by Paul Falardeau (Arts & Life Editor)
Neil Young is undeniably one of the artists many minds turn to when thinking of the iconic figures of Canada’s musical past. Albums like Heart of Gold, Everybody Knows This is Nowhere and After the Gold Rush, to take a small selection from Young’s prolific library, are the stuff of legend in the Canadian music world.
One might think that a man, who cut his chops in 1966 Toronto, playing with the Rick James-fronted Mynah Birds, might begin slowing down after well over forty years in the game. Not true. Unlike some – in fact many – of his contemporaries and followers, Young has continued to change and innovate with music; a chameleon of song, Young has taken a journey through folk-rock, country, punk, grunge and electronic music, pioneering about half those genres and inspiring leagues of eager minds along the way. Even during times when Young had dropped from the limelight he was experimenting with new sounds and making amazing gems, like the critically underrated Trans.
Now, like peers Bob Dylan and Robert Plant, Young has risen from the ashes into somewhat of a renaissance with a string of hit albums including the nostalgic folk of Prairie Wind, the raw protest-driven Living with War and the wonky electric-car-guitar jumble of Fork in the Road. On his most recent effort, Le Noise, Young continues to experiment with musical style and sound while continuing to deliver all of his trademark attitude and lyrical prowess.
Despite years of fiddling with different styles, Young has managed to capture and keep something that is uniquely his in each album he releases. That is present here to be sure. “Peaceful Valley” is sung in Young’s trademark tenor, imparting as much sorrow at the death of California’s natural beauty as he did at the death of Kent State students.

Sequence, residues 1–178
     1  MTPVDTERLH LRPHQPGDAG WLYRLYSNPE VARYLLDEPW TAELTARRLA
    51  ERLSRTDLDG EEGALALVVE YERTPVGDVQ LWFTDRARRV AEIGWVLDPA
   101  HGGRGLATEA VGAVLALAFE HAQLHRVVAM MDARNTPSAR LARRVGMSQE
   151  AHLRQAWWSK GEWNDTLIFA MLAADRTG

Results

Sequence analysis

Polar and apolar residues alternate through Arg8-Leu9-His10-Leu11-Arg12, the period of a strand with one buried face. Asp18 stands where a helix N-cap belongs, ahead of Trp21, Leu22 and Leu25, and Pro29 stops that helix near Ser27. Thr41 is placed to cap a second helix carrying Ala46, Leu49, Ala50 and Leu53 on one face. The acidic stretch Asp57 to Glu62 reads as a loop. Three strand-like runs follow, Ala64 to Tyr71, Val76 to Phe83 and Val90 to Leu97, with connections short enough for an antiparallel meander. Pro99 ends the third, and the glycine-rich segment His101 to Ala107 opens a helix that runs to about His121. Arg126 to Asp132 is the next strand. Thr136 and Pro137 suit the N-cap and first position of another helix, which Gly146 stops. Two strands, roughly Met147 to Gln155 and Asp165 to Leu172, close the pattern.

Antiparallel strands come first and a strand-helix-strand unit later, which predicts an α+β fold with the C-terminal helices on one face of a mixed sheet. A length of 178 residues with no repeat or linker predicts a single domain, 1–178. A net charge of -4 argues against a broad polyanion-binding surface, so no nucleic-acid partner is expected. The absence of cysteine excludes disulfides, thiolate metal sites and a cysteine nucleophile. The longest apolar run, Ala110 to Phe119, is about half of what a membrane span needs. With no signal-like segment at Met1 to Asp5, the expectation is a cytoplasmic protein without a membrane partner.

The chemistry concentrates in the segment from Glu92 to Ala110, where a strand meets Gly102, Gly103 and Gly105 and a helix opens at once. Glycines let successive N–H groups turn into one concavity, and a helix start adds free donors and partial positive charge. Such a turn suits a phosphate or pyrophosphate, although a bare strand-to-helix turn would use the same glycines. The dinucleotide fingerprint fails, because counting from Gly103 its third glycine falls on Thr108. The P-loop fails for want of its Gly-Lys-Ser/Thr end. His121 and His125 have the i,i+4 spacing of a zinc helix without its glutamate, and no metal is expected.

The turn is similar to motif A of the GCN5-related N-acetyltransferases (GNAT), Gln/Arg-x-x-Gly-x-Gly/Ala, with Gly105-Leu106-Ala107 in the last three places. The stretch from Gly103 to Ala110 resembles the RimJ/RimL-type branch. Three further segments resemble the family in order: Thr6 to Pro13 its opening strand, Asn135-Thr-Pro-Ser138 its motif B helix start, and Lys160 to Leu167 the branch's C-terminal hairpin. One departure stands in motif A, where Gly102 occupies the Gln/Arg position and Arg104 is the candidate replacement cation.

On the haunting “Love and War” Young questions the titular themes he has so often plumbed for inspiration. In exploring them once again, he also examines his own motive for using them, he sings, “Said a lot of things that I can’t take back, but I don’t really know if I want them.” The theme of love and war is employed literally as Young’s bread and butter but also metaphorically as Young takes on his toughest critic: himself. The perfectionist in Young may explain why his work has so often taken strange turns and created remarkable sounds, but it also seems to be a constant internal struggle.
The album is far from a downer though. Working solo, serving up these eight tracks with only guitar and vocals, Young still creates a soundscape that is at once discouraging and inviting. This is thanks in no small part to legendary producer Daniel Lanois, who has a heavy hand on the album (Lanois= Le Noise, hmm). “Angry World” quickly breaks into a spacey, effects-driven freak out, and “Hitchhiker,” a wonderful partial memoir, is also soaks in reverb and other studio tricks.
The result of Young and Lanois’ partnership is an album that sounds particularly relevant in the modern music scene. This isn’t just an elder having his last say; this is a talented musician continuing to create fresh and innovative music nearly fifty years into his career. Don’t kid yourself into thinking Neil Young is spent; this disc is a real treat and should be enjoyed by old fans and skeptical hipsters alike. Young’s 32nd studio effort (amidst all the live, compilation and archival albums) sounds as good as his first.